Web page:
Of course, it was probably Eisenhower's 4-pack-a-day cigarette habit which did the most damage to his arteries. He quit cold-turkey in 1949 3a.
The pace of Eisenhower's recovery from his infarction is also interesting. Summarized in the table below 1, it seems slow by today's standards, but for the time was remarkably aggressive. In 1955, patients with a myocardial infarction were routinely kept in bed for 6 months afterwards, and Dr. Paul Dudley White was criticized by his contemporaries for mobilizing the President so quickly. In retrospect, Eisenhower's "rapid" recovery after his infarction changed the way infarct patients were treated thereafter [???ref.]. Today, patients with an uncomplicated myocardial infarction spend just a few days in the hospital.
|September 24||Infarct. Bedrest prescribed.|
|October 11||First allowed to see a cabinet member.|
|October 22||Sitting up in a chair for a few hours each day, and holding daily conferences about his presidential duties.|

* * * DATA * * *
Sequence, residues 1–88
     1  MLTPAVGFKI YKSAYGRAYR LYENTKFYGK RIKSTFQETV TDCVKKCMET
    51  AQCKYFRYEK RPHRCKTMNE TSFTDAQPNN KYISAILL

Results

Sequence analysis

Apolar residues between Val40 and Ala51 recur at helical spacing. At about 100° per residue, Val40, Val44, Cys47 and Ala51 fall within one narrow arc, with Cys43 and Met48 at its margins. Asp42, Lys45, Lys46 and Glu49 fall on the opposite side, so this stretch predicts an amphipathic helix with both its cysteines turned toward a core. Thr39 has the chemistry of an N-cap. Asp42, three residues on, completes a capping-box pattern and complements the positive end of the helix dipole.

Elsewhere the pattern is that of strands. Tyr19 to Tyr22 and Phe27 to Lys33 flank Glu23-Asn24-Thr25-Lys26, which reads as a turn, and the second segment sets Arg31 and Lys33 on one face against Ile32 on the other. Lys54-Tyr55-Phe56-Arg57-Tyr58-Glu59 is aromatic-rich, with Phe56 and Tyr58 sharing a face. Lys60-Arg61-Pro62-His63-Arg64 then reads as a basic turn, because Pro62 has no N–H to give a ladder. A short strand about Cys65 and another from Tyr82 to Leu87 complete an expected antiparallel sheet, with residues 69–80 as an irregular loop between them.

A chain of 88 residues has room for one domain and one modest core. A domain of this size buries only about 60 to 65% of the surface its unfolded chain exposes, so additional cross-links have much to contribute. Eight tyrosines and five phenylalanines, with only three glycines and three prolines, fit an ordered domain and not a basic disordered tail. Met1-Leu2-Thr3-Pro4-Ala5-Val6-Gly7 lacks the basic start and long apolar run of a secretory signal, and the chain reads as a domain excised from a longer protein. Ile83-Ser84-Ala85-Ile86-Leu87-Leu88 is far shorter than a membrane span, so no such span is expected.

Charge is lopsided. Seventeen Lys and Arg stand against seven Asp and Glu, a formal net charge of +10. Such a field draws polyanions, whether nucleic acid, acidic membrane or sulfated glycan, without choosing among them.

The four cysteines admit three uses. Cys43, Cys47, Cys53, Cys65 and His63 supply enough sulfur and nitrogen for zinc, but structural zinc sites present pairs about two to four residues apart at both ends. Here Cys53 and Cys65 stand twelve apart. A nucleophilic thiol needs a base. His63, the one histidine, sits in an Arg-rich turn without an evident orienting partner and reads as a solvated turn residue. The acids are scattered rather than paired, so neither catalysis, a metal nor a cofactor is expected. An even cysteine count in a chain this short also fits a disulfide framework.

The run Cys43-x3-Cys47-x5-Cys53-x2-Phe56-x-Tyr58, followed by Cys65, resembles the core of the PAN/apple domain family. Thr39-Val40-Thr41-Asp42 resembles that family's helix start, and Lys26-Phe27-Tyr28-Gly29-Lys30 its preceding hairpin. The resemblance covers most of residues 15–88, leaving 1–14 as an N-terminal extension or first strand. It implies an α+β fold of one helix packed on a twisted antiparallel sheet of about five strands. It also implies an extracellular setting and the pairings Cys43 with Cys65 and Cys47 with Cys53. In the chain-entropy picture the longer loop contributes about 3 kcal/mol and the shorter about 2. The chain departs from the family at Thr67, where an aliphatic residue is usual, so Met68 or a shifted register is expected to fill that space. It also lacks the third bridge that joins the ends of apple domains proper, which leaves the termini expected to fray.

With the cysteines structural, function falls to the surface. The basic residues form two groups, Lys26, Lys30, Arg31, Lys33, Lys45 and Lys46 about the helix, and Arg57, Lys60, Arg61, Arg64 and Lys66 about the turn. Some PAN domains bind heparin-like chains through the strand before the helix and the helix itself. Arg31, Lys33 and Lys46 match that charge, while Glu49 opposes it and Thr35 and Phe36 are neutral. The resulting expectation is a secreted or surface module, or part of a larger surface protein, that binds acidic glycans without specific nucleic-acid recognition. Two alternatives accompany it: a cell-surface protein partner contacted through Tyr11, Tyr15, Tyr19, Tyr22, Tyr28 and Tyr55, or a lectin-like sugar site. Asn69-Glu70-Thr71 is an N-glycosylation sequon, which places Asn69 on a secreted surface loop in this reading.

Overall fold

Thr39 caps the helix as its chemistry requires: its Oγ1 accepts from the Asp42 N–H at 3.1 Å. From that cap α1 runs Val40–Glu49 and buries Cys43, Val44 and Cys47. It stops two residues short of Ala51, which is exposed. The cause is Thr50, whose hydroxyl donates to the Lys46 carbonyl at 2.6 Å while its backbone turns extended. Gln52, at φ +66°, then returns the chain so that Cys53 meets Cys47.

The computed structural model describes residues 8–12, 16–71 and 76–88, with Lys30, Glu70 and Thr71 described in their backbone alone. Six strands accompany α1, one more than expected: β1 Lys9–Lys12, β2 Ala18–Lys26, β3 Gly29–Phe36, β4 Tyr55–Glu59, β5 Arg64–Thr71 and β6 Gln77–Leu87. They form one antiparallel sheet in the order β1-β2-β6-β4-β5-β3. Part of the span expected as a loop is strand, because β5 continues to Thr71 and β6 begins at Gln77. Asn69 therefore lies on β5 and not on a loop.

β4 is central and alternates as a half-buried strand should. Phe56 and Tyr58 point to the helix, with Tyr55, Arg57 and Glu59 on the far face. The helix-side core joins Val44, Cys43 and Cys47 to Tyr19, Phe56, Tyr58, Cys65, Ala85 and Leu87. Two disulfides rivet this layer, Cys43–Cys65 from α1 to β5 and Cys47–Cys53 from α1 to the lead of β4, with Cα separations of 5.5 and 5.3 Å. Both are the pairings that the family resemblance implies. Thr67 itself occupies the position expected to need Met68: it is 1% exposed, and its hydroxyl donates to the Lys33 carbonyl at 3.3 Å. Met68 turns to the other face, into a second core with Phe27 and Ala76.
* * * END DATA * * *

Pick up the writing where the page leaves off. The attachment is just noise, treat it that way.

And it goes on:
|November 7||Walking and starting to climb stairs.|
|November 11||Returned to Washington, the trip delayed a month so that Eisenhower would not be seen being wheeled to the airplane and being lifted on board. After landing in Washington, goes to his farm in Gettysburg, Pennsylvania.|
|December 26||Eisenhower doubts whether he should run for a second term as president with that "sword of Damocles" over his head. He suggests that Vice President Nixon should run instead.|
|January 13||Famous secret meeting with close advisors about his future. They recommend strongly that he should run again.|
|February 14||Medical team reports there are no signs of cardiac enlargment. Harvard cardiologist Paul Dudley White, a member of the team, tells the press there was nothing to indicate that President Eisenhower could not carry on "his present active life satisfactorily for another five to ten years." Privately, White, a Republican, urged the President not to run.|
|February 28||Eisenhower announces he is running for a second term in 1956.|
a p.123 b p.116
a p.325Comment: This book stayed on the New York Times best-seller list for 26 weeks, prompting Jacqueline Kennedy to require all staff at the White House to sign a pledge agreeing not to write about their experiences (NY Times, page B8, Nov. 12, 1997). Parks's mother, a maid at the White House from 1909-1939, had actually been encouraged by Eleanor Roosevelt to write and publish a memoir (p260).